The Blue Mug

By Yashasvi Gawali

Travelled through various cities in India and atlast ending the journey in the city in which it evolved, The Blue Mug play had its last show in Rangshala on evening of 7th of august. I was among those few lucky enough people to see and appreciate the beauty and truthfulness of the play.

“We are what we forget,” says a character pensively towards the end of Atul Kumar’s directed and refreshingly enjoyable and engaging play, The Blue Mug. The play stars Munish Bhardwaj, Sheeba Chaddha, Rajat Kapoor, Vinay Pathak, Konkana Sen Sharma and Ranvir Shorey. Through bilingual – Hindi and English – monologues the actors, playing themselves (except Sharma and Shorey), re-construct themselves from their earliest memories to the present day in a rich tapestry of stories that questions the very concept of memory and does it primarily on the strengths of the actors’ performances. Inspired by Oliver Sacks’s essay, `The Man who Mistook his Wife for a Hat’, actors in The Blue Mug, struggle to construct themselves on the basis of what they remember, bringing up all those moments, both significant and irrelevant, which they salvage from the abyss of forgetting. They present themselves as they are, trying to sift truth from the fiction of their pasts.

Kapoor kicks off the reminiscing by describing family gatherings centered on the bhutta (corn on the cob) where no one would worry about the digestive consequences of the day after. Chaddha talks about the beach, where she would collect remnants of glass bottles that have been worn by the sea into beautiful round pieces of shimmering blue and green. Pathak recounts the numerous times he was taken to the circus and the one embarrassing incident where a clown laughed at him in his face. Bhardwaj recalls his years in an all-boys convent school and “all the things that happen there.” As the monologues move closer to the present, the actors share increasingly personal vignettes, connecting pieces of the puzzle to provide a fuller picture of themselves. Well, but the man who stole the whole show was Shorey(the opinion being strictly personal). The Sharma-Shorey track strays from the abstract structure of the rest of the play. Their storyline is dominated by Shorey who clearly has the meatier chunk of the two and, with a perfected Punjabi twang, delivers an astounding performance. The highlights of this sequence are when Shorey describes his family history (how they got into the business of selling fish), and later when he meets his brother after twenty years. It’s hilarious and heartbreaking at the same time.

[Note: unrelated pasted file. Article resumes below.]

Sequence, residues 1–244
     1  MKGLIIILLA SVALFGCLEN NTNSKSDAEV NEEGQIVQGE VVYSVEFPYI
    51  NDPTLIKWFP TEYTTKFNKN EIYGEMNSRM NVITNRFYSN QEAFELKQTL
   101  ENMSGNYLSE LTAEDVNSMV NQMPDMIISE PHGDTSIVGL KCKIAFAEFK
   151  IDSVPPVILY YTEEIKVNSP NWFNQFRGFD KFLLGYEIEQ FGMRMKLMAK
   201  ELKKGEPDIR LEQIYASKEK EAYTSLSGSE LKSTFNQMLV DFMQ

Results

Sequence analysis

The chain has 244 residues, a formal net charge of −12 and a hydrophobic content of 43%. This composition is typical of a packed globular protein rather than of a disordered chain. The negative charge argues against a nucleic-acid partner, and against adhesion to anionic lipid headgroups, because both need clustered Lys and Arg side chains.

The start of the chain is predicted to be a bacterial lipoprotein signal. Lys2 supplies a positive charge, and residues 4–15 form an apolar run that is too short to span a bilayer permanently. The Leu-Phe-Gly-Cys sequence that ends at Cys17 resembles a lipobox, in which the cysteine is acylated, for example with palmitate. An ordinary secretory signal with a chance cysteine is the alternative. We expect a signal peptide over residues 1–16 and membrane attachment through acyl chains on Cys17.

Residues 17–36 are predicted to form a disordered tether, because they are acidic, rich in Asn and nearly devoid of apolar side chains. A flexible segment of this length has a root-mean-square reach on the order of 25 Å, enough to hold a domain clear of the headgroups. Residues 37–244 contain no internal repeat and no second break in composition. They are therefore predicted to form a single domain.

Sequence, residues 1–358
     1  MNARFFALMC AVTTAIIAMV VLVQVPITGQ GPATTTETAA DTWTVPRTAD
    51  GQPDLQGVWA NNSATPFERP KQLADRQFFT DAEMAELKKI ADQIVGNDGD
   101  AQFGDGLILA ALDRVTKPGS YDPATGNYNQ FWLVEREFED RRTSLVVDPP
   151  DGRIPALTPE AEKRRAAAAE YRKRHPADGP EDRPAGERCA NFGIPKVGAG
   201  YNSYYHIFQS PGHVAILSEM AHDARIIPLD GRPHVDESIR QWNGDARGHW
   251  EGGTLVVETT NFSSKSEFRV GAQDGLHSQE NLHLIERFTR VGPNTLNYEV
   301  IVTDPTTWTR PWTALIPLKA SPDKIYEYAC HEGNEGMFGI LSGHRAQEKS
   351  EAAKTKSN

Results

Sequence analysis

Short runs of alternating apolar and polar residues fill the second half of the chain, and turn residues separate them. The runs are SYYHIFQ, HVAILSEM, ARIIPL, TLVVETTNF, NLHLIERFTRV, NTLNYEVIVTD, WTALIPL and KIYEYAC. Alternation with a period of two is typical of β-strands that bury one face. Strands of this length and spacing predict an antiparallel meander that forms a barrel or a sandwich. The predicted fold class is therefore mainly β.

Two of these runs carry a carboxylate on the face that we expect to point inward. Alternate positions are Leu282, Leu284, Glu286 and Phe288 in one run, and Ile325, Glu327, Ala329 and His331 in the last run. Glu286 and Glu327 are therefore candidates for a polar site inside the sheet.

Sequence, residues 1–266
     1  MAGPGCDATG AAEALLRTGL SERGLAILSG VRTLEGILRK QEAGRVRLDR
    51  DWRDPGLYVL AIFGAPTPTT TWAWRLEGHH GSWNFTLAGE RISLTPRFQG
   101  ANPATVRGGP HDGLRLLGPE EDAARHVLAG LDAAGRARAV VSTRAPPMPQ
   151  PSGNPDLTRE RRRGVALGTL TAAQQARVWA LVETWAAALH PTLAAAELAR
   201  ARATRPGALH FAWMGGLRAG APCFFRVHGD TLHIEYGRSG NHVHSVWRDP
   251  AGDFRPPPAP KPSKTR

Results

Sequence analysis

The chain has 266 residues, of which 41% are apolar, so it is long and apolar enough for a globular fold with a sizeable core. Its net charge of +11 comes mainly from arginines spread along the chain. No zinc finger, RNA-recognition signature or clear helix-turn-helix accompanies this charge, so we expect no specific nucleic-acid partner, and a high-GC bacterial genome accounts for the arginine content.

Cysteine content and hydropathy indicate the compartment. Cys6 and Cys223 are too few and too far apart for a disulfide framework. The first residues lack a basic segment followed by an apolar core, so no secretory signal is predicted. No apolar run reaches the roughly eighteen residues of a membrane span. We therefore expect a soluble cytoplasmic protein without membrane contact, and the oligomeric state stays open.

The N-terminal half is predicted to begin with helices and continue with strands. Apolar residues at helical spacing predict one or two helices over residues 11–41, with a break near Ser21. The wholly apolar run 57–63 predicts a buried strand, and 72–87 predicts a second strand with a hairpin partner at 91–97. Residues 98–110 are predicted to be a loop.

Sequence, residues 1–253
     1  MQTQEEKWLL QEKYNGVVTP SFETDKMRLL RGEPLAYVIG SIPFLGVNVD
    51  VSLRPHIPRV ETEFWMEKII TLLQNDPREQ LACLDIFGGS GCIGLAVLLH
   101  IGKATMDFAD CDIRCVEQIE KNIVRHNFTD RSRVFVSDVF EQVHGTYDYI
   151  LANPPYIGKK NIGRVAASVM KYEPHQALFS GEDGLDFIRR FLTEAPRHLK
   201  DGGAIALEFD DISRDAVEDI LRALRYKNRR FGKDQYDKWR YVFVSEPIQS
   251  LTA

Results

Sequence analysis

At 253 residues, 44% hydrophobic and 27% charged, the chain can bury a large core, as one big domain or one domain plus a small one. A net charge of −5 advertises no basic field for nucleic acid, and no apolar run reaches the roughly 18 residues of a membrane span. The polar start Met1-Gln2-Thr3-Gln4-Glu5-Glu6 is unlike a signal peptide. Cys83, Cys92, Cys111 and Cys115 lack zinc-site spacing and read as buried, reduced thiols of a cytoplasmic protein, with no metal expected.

The Blue Mug has no set to speak of – just large chalkboards hanging from the ceiling on which the actors scribble key signs from their upbringing – and no costume changes. The focus is, therefore, entirely on the acting and how well the actors string it all together. But the small things like the sound of hopping of Chaddha while Kapoor describes his father’s death and the pace at which it increases as the emotion of the situation deepens and four of the actors repeating same dialogue again and again with increasing anger and intensity are really remarkable.

If you are wondering why it’s called The Blue Mug, there’s no specific reason other than that it is an element of one of the actor’s memories. It also means that the play could have literally been titled anything else, depending on how you would want to remember it. That, essentially, is the point.

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